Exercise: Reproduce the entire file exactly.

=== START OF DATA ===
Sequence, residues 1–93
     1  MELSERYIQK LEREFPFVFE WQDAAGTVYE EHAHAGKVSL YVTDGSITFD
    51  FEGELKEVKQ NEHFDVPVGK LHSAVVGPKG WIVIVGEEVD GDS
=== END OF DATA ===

Sequence, residues 1–93
     1  MELSERYIQK LEREFPFVFE WQDAAGTVYE EHAHAGKVSL YVTDGSITFD
    51  FEGELKEVKQ NEHFDVPVGK LHSAVVGPKG WIVIVGEEVD GDS